NK: Each of your blends has a story behind it. Can you tell us about one?
RS: One of the most recent blends is a gueuze blend that’s aging in a Macvin du Jura barrel now. It’s basically impossible to get a hold of a barrel that contained this elusive wine. Thanks to Wouter [De Bakker] from Terrovin, a distributor focusing on natural wines, I received a freshly-emptied barrel a month ago. And it had one of the most intense aromas I’ve ever smelled from an empty barrel.

I made a blend of one-, two-, and three-year-old lambics to age in that one barrel. I chose a blend that goes well with the character of the wine. To get a good extraction from the barrel, I blended the lambics in such a way that fermentation started immediately. The old lambics were long done fermenting, but still high in density. The young lambic was very low in density. When blended, the young lambic continued fermenting the old lambic. My hope is that it will ferment out really dry, in order to get a good expression of the Macvin barrel.

NK: You’ve referred to your lambics as “traditional, but with a modern twist.”
RS: Yes. There are many things I do differently from traditional blenders: different aged lambics in one barrel; barrel aging after fruiting; adding herbs and spices; adding exotic fruits. I feel like you can make a million interesting blends with lambic as it is a beer with so much potential. I do this all while I respect the tradition, history, and cultural value of traditional lambic, gueuze, and kriek.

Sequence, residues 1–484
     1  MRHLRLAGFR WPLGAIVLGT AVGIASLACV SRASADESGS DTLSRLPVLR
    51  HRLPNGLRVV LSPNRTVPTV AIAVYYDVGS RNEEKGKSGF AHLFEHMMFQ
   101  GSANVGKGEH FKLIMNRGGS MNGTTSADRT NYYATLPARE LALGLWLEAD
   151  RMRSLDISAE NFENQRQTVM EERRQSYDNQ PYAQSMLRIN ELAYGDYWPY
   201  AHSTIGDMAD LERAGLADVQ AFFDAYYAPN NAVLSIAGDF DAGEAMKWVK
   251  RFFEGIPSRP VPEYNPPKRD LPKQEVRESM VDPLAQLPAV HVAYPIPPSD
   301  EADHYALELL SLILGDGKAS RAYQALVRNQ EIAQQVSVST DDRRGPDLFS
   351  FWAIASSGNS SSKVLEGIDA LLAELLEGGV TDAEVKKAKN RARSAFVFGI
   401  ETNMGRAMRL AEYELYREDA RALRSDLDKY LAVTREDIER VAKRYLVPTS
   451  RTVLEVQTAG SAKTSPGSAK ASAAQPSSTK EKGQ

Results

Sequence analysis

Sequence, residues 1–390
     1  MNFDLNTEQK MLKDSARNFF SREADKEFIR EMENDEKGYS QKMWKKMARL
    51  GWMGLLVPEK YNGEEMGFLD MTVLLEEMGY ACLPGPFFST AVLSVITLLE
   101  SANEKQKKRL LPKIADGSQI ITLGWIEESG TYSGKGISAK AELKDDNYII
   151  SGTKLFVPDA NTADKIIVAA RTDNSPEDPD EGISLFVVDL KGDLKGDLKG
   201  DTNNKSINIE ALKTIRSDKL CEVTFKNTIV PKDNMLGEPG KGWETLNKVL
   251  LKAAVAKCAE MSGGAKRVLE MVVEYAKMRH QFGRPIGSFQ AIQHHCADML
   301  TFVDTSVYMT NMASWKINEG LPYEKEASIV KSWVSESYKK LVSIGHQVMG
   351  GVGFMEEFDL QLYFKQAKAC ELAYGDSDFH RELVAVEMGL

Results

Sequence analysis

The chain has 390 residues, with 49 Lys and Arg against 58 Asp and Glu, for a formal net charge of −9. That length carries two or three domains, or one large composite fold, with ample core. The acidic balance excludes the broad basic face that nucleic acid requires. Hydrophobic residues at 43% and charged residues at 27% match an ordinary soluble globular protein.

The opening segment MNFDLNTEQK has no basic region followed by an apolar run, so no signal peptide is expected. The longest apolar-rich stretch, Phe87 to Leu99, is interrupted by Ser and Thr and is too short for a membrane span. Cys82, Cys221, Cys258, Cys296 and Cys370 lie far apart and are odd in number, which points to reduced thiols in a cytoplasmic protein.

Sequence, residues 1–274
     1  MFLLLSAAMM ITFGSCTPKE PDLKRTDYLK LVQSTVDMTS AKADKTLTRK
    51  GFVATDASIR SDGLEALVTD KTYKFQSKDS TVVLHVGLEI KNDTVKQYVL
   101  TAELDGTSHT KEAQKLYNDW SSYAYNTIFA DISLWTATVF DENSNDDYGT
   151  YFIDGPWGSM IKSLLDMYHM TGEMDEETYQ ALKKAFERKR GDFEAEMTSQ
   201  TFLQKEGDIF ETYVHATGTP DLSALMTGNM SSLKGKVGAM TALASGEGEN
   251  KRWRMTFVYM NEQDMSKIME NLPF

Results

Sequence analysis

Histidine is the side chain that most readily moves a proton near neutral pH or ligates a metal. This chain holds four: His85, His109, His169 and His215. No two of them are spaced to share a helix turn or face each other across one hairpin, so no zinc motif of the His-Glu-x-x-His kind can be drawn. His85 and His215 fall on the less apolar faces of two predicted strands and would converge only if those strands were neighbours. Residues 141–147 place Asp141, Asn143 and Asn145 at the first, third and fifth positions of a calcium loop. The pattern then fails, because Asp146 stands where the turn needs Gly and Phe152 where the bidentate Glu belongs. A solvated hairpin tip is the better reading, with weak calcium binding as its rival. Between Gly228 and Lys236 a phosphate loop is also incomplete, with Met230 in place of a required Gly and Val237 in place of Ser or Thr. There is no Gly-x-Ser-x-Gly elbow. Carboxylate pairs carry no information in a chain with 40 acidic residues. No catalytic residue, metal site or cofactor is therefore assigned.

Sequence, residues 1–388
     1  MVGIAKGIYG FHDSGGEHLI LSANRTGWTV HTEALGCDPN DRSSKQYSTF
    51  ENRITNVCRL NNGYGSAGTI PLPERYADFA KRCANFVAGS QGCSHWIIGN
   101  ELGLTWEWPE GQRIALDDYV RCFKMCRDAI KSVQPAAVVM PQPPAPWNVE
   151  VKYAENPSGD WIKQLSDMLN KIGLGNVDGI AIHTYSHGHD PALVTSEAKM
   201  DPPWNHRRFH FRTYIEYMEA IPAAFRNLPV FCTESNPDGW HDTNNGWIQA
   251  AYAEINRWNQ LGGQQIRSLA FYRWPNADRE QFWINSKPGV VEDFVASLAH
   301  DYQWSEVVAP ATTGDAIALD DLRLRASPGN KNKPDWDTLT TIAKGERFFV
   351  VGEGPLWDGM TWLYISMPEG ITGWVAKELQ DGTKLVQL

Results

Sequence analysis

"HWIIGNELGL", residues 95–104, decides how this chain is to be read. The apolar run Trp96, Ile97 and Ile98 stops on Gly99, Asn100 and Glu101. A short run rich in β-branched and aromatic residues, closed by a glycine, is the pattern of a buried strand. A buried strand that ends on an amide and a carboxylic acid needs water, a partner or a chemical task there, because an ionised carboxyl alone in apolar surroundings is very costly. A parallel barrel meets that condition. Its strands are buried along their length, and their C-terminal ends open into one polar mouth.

NK: What were your thoughts on the conflict last year between Jester King and the High Council for Artisanal Lambic Beers over the use of the term “Méthode Gueuze“?
RS: I’m not affiliated with any of those parties and I don’t do politics, so I don’t feel like expressing my thoughts. I just want to make beer.

NK: Your capacity is small. How small?
RS: I have about 100 sixty-gallon wine barrels. The biggest batch I have done so far was Zomersaison, which was 350 bottles. The blendery grows every year, but the focus is on quality, not quantity. There are limitations in terms of how much one person can do. Right now I work seven days a week. That’s enough for now. [Laughs.]

NK: Lastly, are there plans to do more festivals and events here in the U..S.? What about distribution?
RS: There are some U.S. events coming up next year, and distribution should start around the same time. But it takes time. For the last two months, I have made zero bottles in total. Bottling happens throughout the year, but during summer I have to focus on harvesting the fruit. Also, so far every bottle is bottled manually, meaning filling one bottle at a time from a beer gun, which takes a lot of time.

But I want to bring my beer to America because they go crazy about lambic. It’s a very nice crowd, they really want to hear the stories behind the beers and all the details. The bars that serve my beers in Europe get priority to everyone else, but some will be shipped across the big pond. Batch sizes are increasing, so I think there will be enough to divide it well.